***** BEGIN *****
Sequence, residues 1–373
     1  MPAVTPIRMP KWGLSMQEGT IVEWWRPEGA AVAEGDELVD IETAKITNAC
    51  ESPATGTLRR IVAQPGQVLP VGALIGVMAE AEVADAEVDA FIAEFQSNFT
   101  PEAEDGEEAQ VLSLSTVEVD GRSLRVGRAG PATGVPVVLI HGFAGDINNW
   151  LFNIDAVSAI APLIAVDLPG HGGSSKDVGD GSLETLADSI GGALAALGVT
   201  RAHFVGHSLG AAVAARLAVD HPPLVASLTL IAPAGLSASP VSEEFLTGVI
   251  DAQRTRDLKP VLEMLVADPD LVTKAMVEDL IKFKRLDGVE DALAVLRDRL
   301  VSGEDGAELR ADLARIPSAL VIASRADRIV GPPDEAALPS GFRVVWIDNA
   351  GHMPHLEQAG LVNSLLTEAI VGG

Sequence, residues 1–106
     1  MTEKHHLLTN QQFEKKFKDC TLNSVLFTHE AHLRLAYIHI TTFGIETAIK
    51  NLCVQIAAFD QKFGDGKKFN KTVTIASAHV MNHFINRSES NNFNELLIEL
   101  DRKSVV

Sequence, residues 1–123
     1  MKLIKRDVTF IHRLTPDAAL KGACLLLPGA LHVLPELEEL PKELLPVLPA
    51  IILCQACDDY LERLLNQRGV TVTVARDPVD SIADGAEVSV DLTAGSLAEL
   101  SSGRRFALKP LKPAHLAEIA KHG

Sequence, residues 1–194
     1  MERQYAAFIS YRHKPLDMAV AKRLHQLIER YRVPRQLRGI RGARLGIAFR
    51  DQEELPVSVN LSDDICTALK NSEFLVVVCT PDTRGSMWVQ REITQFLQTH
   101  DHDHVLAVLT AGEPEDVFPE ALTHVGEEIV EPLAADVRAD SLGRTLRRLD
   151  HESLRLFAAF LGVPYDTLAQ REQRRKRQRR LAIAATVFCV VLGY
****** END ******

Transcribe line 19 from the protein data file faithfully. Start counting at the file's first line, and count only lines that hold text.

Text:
     1  MERQYAAFIS YRHKPLDMAV AKRLHQLIER YRVPRQLRGI RGARLGIAFR